Diy Plumbing Leaks
A common Problem, DIY Plumbing Leaks!
DIY plumbing leaks are so common that it will pay everybody to get to grips with what it takes to fix them. You don't have to be a plumber to fix your own leaks, whether they are in the kitchen, the bathroom or in pipes or taps outside on the patio or garden. But you do need to know a bit about DIY plumbing leaks so that you don't have to call in the plumber. So let's see what you need to know to start a project involving DIY plumbing leaks.
First of all, what is likely to leak? Taps or faucets and stopcocks probably top the leak list, followed by toilet or WC (water closet) cisterns. Pipes sometimes leak, while drains simply overflow, creating what could be described as a really ugly "leak".
If a tap or faucet leaks from its spout it's usually because the washer that seals the inlet of the tap is worn or broken. If the tap leaks from its handle, or the handle is difficult to turn, the spindle seal is probably worn. Older type taps with rising spindles are sealed with fibre packing; you can usually fix this with plumber's tape. Newer types have rubber O-ring seals that may be replaced. If the taps are badly worn you may need to replace the entire mechanism or tap fitting.
If water leaks from the toilet cistern it may be because the lever mechanism in the cistern isn't working properly. If the float doesn't return to its normal position, the water will continue to fill up and will eventually overflow. Sometimes just fiddling with the float arm will do the trick, but if the lever is broken you'll have to replace the mechanism. Faulty washers and seals may also be the cause of leaks in and around the cistern. These include the siphon sealer washer, the washer at the top of the flush pipe, as well as the other seals within the flush pipe itself.
When stopcocks haven't been used for a while, you might find it difficult to open or close them. After all, unlike taps/faucets that we use on a daily basis, stopcocks are there to control the flow of water through a section of pipework. If you have to wrench a stopcock open, you might find that it leaks slightly around the spindle. Usually all you will need to do is loosen the top gland nut on the spindle and wind some plumber's tape (PTFE) round the thread in the body of the spindle. Then tighten the nut using your hand (not a wrench). It does need to be tight, but you also need to be able to loosen it reasonably easily.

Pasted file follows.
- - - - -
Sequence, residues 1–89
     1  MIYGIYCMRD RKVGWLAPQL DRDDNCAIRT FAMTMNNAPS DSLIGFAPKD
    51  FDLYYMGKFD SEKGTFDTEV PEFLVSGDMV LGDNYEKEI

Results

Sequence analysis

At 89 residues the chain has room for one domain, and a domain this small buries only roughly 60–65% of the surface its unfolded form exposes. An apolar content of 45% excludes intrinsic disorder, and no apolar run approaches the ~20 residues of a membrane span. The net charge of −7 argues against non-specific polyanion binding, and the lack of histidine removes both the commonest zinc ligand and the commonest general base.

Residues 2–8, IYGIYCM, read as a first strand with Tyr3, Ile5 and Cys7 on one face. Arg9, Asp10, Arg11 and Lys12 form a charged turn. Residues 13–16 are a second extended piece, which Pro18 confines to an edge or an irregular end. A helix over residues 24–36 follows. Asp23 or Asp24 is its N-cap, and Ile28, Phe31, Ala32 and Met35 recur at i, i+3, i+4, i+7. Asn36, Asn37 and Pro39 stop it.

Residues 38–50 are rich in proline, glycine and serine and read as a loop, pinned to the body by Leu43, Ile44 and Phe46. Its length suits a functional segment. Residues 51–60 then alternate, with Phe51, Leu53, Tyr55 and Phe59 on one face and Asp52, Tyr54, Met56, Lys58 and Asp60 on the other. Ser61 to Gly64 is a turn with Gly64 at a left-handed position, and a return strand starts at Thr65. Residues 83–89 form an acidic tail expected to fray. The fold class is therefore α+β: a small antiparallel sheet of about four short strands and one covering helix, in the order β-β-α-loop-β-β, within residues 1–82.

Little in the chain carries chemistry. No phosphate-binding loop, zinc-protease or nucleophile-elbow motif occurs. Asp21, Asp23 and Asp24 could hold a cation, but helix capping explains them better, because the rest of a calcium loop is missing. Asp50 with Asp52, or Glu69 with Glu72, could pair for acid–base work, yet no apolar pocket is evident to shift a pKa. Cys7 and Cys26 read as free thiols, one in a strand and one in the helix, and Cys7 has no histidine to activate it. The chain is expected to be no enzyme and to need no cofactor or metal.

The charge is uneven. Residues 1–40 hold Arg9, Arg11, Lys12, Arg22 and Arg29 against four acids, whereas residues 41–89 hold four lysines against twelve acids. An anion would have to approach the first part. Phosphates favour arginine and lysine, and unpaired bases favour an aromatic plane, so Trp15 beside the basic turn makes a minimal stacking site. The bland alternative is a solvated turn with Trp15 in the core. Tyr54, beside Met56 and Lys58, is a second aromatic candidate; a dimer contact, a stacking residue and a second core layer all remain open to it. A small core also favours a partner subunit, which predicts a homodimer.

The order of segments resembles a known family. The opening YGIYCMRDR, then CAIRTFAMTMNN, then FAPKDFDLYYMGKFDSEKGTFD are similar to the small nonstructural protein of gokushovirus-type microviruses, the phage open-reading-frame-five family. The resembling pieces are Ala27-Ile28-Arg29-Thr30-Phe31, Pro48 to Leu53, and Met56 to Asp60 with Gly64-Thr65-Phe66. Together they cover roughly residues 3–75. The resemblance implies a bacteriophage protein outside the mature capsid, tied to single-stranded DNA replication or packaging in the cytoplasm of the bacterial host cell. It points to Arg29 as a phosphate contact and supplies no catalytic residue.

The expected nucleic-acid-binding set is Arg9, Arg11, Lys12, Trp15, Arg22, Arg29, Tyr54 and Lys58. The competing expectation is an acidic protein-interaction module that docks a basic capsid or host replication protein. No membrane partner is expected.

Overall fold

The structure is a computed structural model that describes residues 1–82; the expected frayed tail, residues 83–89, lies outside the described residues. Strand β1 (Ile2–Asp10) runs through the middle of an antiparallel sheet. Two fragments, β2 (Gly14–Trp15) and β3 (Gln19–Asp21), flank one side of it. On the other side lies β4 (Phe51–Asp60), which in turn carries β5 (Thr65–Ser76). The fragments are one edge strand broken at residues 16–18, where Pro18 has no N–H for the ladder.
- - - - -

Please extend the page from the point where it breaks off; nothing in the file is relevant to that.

When pipes or joints burst you will undoubtedly have an emergency situation. Once you have coped with the emergency, by switching of the mains water or nearby stopcocks, and stemming the flow of water, you can get on with the job of mending the leak. In many instances you will be able to use a suitable plumbing fitting to join the two pieces of pipe on either side of the leak, even if the pipes are made of copper. If you have to remake the joint, you'll need plumber's tape (PTFE) or if the joint has to be soldered, you will need soldering equipment. When it comes to buying new pipes and fittings, you will need to know what types of pipe you are dealing with and what size the pipe is. You can check the external size of pipes with an ordinary school compass or dividers.
If a compression joint in a pipe leaks, you may just be able to tighten the nut. If there isn't any visible thread or if this doesn't work, then you'll need to dismantle the side of the fitting that is leaking. You might even have to patch in a new section of pipe.